Canadian English should not be described as a mixture of American and British English with an insignificant number of Canadianisms added. Canadian English, like all ‘Englishes’, possesses an important characteristic, referred to as wholesale borrowing, which has allowed it to develop a very rich vocabulary. Canadians have in the past and will most likely in the future continue to borrow freely from both American and British English; however, once a lexeme is borrowed, it has the possibility to evolve differently. In other words, Canadians appropriate it to suit their needs. The lexeme chesterfield
is a par exemplar.
According to Robert Hendrickson in the Encyclopedia of word and phrase origins, the term chesterfield is commonly applied to a sofa in honor of Philip Stanhope, the forth earl of chesterfield (1694-1773). However, Hendrickson points out that it is more likely that a latter earl of chesterfield invented them, which earl he does not know.
At any rate, according to the OED, it was used to refer to a couch in 1900. According to Carver in American Regional Dialects the term appears to have come into use in Canada around 1903 and in Northern California about the same time. The Jrnl. Canadian Linguistics Association (qtd. in OED) notes chesterfield seems to be in general use throughout Canada, though the usual American sofa is also known and used.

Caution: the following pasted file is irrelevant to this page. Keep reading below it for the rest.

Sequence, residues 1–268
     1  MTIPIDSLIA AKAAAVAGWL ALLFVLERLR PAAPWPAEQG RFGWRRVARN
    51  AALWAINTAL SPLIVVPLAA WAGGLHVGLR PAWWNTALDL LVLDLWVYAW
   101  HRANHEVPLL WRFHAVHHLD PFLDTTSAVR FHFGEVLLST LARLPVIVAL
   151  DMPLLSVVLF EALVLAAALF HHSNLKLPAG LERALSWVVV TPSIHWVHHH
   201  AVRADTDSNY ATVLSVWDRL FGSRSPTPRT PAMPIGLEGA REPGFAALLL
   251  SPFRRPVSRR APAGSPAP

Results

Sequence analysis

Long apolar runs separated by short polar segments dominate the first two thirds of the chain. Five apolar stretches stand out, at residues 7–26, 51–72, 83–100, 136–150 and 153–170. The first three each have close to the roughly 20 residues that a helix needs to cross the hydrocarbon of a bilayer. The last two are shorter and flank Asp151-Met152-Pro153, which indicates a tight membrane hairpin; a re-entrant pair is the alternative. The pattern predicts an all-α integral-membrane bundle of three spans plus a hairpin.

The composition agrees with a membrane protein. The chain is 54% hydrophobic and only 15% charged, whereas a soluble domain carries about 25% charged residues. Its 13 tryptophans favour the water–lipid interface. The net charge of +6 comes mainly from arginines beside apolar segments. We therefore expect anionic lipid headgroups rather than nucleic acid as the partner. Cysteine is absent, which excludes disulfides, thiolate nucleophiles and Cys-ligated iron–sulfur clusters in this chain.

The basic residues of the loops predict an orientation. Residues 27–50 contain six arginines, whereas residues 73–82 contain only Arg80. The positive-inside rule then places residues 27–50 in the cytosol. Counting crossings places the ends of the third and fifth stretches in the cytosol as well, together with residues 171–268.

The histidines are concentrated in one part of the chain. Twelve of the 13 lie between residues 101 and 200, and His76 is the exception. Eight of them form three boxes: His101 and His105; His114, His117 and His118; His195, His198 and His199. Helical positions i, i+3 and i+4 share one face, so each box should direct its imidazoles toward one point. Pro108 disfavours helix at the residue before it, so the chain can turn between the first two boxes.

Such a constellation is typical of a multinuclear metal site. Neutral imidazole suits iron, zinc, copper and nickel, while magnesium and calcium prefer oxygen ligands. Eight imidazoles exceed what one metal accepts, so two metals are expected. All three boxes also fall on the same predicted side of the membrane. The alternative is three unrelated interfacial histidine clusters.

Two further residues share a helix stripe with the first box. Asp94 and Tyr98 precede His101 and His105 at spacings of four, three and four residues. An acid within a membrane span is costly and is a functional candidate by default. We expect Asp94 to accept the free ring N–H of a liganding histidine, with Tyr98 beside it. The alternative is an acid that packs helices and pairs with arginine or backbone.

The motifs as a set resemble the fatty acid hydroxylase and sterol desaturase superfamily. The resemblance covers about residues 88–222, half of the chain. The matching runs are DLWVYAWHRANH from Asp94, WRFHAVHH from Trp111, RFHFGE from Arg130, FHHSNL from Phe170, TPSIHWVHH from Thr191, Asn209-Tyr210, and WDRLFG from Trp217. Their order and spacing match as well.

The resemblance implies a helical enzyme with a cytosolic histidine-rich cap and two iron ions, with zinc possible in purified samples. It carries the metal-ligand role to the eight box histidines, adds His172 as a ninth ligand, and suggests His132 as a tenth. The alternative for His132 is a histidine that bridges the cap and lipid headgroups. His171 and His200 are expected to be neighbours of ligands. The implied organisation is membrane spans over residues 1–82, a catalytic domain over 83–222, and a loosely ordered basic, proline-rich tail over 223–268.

Almost everywhere in the U.S chesterfields are cigarettes and nothing more.
In Great Britain, a davenport couch was sometimes referred to as a chesterfield but this is obsolete.
The point to be taken is that since chesterfield has entered Canadian English it has evolved differently because Canadians have appropriated it to suit their own needs. To be sure, although chesterfield is not originally Canadian, it is thought of as such by Canadians because Canadians commonly use the word to refer to a sofa or couch, while the American and British do not, save maybe the region of Northern California in America.